You can also get ‘waterfall’ backs, sometimes known as ‘pillow’ backs. These provide tiered layers of padding in three separate pillows that cascade down the back of the chair. Usually, each pillow is zipped so you can open and adjust the filling to suit your requirements. Generally, waterfall backs provide a softer sitting experience than a standard back.
Riser recliner chair arms
If you have problems sitting or standing, armrests are important, as they help you control your movements. Some people find that adding wooden arm ends (often called ‘knuckles’) can make standing and sitting easier, as these offer a firmer grip than an upholstered arm. You may also find chairs with angled arms more comfortable.
Reclining chair side supports
Extra padding or lateral support cushions can help you maintain a more upright position. This can be useful for people with weak posture who may tend to lean to one side when sitting.
Some recliner chairs come with extra cushioning to support your head or neck, or you may be given the option to buy these as an extra feature. Head supports are usually flat, while neck supports are round. Sometimes these are adjustable so you can move them to suit your exact requirements.
Pressure relief features
Sitting in one position for extended periods can lead to discomfort or, worse, serious skin breakdown.
You can buy pressure-relieving options to reduce this risk. For example, you can include a built-in massage system, where air or water is pumped through the cushions to relieve pressure.
Or you can include gel pads that spread the pressure of your weight more evenly. You can also get memory-foam seats and footrests that mould to your body.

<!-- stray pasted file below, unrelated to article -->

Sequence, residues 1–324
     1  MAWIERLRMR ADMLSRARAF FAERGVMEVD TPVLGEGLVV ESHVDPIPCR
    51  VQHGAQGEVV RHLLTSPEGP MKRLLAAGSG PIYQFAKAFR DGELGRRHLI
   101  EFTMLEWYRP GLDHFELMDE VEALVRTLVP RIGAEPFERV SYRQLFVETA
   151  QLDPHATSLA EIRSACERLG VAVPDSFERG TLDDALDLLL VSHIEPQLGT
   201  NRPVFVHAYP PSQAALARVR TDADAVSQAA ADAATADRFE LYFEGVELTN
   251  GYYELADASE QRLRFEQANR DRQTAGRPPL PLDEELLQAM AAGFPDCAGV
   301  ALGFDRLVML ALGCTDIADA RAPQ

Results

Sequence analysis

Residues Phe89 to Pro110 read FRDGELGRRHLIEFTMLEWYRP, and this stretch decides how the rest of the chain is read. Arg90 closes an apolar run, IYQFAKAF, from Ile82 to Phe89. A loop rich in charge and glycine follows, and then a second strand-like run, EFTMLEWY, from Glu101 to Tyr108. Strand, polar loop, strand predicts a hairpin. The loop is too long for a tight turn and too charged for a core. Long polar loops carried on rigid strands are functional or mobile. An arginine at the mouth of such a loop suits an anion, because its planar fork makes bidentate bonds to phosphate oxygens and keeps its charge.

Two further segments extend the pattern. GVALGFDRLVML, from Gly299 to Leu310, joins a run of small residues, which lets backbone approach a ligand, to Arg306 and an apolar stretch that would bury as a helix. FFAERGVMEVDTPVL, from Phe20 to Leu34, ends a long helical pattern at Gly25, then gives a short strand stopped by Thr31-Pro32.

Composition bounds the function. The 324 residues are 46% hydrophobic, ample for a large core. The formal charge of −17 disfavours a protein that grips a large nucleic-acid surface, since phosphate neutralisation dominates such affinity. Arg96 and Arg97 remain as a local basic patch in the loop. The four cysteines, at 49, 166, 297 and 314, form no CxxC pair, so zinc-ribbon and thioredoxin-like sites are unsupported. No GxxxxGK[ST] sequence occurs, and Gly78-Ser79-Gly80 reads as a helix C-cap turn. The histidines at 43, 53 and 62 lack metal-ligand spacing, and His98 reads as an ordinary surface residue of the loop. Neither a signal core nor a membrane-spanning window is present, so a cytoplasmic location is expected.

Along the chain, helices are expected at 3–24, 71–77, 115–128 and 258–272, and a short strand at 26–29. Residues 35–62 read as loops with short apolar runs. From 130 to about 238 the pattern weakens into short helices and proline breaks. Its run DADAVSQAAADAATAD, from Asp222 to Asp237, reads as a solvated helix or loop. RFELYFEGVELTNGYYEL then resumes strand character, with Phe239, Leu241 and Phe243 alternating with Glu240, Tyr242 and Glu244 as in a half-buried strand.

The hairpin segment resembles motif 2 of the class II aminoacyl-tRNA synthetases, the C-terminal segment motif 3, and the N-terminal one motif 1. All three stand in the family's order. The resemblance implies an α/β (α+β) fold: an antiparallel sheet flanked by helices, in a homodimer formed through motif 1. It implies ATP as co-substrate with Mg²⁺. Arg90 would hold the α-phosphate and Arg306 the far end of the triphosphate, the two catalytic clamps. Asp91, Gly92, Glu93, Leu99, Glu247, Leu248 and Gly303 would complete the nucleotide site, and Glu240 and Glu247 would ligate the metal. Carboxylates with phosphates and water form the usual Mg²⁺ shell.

Some manufacturers can even provide spaces in the seat for you to fit your own pressure relief cushion.
Riser recliner chair batteries
Most riser recliner chairs have an integrated battery back-up system. This ensures that, in the event of a power cut, back-up power will mean that you won’t be left stranded in a reclined position unable to get up.
Once used, these back-up batteries will need replacing. They tend to be the size of a matchbox and can simply be inserted into a box that runs off the mains cable to the chairs.
Some models have rechargeable batteries, so you don’t have to worry about replacing them after use. They also tend to have a battery charge indicator so you can tell how much charge is left.
If you have pets or young children at home, you may want to consider buying a chair with this built-in safety feature, designed to prevent serious or even fatal accidents from happening should an unexpected guest crawl under the chair before or during operation.
There are two types: the first has sensors that automatically detect someone or something under the chair, which triggers a halt mechanism and stops the chair from lowering.
The second is a barrier underneath the chair to physically prevent anything getting under the chair in the first place.